Yes, the “murder hornets” recently spotted in Washington state live up to their names.
Asian giant hornets, or, more scientifically, Vespa mandarinia — but also known as “murder hornets” — can kill.
In a cellphone video posted on YouTube in 2018 and making the rounds again, a giant hornet is seen attacking a mouse and pumping the little guy (let’s call him Mickey) full of venom. At the end, Mickey appears paralyzed and gasping for breath. Then Mickey tries to stand but quickly falls again and lays motionless.
The two-inch-long hornet disengages, flies off, then flies back, hovers over his victim, and flies off again — probably looking for more mice to sting.
While the giant hornets are not as deadly as some other insects, they do not lose their stingers like some bees and are able to continuously pump venom into a victim. In a 2006 paper on the insects, a team of Japanese doctors said the hornets are deadly to humans.
“In Japan, fatalities due to Vespa mandarinia (wasp) stings are estimated to range from 30 to 50 persons each year. Most victims appear to die from anaphylaxis or sudden cardiac arrest,” the doctors wrote, “while some of them die from to multiple organ failure including rhabdomyolysis, renal failure, liver dysfunction, respiratory failure, and disseminated intravascular coagulopathy.”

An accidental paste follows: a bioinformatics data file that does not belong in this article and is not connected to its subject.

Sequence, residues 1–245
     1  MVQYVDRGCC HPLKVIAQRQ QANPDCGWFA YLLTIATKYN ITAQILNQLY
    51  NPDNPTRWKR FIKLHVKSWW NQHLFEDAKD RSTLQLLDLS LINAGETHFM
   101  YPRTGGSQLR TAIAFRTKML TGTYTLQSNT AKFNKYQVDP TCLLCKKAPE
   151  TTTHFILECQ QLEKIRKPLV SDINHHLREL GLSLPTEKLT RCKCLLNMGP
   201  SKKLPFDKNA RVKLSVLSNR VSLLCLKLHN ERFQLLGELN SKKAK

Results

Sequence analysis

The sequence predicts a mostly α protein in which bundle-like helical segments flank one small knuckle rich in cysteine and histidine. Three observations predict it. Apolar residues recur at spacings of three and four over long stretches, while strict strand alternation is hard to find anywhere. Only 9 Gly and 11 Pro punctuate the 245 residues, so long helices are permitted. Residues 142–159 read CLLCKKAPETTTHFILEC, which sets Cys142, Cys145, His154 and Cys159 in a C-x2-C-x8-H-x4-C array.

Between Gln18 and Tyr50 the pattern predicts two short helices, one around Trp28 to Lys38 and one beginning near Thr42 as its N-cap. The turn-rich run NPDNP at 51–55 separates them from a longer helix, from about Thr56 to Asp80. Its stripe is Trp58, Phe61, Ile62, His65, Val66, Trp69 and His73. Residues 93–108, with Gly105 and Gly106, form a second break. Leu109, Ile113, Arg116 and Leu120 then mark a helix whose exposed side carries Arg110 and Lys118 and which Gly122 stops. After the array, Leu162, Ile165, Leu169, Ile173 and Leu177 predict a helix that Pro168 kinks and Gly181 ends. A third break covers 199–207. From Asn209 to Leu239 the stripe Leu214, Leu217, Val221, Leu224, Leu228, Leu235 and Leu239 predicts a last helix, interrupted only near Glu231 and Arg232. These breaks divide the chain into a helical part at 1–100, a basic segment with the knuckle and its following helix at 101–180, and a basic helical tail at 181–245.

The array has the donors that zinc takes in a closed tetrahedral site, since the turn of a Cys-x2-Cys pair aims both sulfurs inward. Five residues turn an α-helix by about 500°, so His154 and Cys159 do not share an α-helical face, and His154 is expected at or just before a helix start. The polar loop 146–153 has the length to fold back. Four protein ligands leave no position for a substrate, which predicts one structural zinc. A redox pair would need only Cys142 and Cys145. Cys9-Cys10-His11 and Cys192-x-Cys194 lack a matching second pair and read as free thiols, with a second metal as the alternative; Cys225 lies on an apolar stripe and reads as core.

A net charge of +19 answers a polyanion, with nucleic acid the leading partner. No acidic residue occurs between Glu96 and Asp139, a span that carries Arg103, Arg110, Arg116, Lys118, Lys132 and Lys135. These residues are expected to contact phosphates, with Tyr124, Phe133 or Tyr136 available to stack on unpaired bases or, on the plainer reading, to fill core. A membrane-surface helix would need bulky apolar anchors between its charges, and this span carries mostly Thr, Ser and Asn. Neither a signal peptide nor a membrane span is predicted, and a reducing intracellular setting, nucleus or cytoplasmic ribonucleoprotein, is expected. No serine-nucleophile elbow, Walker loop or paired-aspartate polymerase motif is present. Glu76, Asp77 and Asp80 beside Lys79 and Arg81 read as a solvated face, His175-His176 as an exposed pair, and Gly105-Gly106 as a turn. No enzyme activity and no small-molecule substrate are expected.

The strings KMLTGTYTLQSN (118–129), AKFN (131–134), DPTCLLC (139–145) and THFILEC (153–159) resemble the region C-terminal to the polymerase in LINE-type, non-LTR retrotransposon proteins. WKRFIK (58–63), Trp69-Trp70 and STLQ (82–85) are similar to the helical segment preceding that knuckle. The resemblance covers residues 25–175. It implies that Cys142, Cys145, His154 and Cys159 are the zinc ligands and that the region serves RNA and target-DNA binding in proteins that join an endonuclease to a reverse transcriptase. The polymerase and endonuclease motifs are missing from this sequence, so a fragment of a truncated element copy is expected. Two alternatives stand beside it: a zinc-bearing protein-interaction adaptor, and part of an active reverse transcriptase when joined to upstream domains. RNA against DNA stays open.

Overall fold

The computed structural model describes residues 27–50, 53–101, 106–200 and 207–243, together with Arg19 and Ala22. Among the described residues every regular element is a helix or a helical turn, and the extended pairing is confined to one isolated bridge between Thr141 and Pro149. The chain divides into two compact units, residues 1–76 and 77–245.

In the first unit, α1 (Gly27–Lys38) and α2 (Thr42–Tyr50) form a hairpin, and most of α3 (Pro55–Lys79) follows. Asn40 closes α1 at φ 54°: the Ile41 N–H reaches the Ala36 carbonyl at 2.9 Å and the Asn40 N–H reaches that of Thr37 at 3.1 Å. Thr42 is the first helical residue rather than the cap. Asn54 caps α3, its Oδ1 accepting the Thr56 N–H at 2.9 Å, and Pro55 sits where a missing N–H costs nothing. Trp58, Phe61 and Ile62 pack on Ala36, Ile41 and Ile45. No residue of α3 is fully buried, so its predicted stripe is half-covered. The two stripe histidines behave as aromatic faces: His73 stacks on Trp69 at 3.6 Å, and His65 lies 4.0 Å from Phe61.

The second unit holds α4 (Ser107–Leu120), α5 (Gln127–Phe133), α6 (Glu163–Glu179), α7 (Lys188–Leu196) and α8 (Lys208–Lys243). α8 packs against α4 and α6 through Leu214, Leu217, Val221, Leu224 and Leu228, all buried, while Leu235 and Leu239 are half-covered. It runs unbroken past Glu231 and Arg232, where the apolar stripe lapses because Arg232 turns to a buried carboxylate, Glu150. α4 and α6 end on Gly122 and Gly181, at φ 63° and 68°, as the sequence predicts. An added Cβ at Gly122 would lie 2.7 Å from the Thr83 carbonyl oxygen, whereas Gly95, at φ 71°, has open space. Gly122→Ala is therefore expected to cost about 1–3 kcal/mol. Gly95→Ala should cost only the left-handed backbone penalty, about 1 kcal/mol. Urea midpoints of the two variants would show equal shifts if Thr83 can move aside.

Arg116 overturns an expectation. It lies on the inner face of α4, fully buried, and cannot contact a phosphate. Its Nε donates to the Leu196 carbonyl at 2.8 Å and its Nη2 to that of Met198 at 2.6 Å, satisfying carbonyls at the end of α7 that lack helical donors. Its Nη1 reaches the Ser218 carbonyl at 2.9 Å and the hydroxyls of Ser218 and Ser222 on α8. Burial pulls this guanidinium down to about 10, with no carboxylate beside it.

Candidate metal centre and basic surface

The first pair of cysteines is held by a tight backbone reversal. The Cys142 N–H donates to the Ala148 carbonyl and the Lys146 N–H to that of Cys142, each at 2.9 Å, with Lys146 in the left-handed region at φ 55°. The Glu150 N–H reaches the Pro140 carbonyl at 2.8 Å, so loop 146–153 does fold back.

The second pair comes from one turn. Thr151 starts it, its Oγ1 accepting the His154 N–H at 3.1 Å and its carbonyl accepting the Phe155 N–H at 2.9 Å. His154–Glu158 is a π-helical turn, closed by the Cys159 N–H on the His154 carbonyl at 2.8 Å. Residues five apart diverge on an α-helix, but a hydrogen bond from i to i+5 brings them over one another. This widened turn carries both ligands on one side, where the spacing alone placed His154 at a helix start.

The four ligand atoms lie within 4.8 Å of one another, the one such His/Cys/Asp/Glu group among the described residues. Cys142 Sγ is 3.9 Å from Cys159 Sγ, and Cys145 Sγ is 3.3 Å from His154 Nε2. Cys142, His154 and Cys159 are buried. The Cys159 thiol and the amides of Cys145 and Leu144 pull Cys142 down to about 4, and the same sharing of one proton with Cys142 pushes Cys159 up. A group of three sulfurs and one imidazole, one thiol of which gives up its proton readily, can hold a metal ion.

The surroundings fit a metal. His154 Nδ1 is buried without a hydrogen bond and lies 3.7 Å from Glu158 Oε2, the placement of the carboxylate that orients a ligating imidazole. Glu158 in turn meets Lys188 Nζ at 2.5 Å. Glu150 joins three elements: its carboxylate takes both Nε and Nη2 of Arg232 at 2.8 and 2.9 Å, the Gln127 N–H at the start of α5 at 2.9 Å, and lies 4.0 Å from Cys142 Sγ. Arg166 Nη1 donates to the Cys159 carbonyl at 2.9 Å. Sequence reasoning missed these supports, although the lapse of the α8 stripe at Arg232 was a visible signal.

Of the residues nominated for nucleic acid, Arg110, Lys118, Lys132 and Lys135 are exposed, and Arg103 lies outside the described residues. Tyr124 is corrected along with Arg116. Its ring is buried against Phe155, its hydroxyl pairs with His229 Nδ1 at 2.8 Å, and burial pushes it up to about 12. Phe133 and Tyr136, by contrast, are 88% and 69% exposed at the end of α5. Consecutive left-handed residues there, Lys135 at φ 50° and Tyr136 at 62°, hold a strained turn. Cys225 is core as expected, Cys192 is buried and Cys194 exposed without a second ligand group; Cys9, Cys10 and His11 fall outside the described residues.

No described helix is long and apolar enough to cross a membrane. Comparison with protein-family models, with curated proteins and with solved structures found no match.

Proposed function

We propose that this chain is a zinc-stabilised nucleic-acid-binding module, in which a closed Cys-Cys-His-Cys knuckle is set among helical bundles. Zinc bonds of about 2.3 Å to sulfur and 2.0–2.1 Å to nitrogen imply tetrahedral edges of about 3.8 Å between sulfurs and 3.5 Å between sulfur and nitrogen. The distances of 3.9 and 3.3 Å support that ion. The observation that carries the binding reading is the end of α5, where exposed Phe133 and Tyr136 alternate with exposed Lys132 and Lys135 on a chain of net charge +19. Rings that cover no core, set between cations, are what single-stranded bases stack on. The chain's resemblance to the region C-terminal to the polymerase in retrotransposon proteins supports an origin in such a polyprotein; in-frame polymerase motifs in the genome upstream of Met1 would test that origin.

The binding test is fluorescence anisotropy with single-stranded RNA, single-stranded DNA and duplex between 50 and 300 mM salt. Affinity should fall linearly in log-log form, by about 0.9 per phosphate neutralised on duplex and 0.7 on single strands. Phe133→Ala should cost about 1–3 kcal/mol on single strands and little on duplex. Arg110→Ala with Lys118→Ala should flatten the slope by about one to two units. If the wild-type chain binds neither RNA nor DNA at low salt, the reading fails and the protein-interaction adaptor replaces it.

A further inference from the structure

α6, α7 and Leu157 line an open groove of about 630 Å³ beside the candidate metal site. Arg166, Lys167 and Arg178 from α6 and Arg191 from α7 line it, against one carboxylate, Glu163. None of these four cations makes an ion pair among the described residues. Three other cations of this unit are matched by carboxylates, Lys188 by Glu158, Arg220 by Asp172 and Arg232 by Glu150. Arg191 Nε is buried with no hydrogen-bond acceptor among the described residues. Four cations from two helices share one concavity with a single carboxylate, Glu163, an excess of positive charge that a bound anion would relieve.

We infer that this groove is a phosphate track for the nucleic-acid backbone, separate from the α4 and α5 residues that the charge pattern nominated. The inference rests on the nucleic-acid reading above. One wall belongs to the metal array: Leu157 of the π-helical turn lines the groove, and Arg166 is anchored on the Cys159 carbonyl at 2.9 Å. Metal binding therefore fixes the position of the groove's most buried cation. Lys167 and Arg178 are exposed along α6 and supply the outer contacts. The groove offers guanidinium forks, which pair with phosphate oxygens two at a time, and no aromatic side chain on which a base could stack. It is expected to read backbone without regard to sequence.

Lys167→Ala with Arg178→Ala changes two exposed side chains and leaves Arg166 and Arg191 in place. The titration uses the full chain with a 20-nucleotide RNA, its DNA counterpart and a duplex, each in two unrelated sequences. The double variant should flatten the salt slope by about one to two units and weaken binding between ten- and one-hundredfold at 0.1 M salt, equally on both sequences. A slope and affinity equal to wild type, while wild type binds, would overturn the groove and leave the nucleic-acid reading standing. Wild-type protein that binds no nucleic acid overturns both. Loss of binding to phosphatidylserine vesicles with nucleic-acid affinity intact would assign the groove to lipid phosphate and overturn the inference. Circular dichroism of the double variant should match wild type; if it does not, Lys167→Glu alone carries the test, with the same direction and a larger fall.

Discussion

Those who died were stung an average of 59 times, while those who survived suffered around 28 stings, the doctors found.
You think that’s all? Not by a long shot.
The invasive species, which was first spotted in Washington state in December (shortly before another Asian import — SARS-CoV-2, which causes COVID-19 — arrived) mostly attacks honey bees, which pollinate some fruits and vegetables, as well flowers.
How do they kill them? By decapitation.
“These hornets will actually come into colonies, and they will decapitate the bees at the hive. They can decimate an entire colony.” Honey bees and other native bees are important to the agriculture industry and “food sustainability,” University of Tennessee entomologist Jennifer Tsurda told WVLT News.
Once they attack a hive and kill the bees, the giant hornets take over the nest and and guard it aggressively.
The hornet’s stinger can even penetrate a beekeepers suit.
Wait. There’s more.
“The biggest problem with them is that they fly fast,” Dr. Marc Siegel said on Fox News on Monday. “The queen hornet can fly up to 20 miles an hour. Imagine trying to catch it. So it’s only a matter of time before it takes root in the United States and then you got to be on the lookout for it.”
“I don’t want to scare anyone — it’s only starting to take root here — but we’ve got to nip it in the bud before it becomes an even bigger problem and destroys our bees,” Siegel concluded. “Our bees pollinate flowers, plants. We need our bees,” Siegel said.
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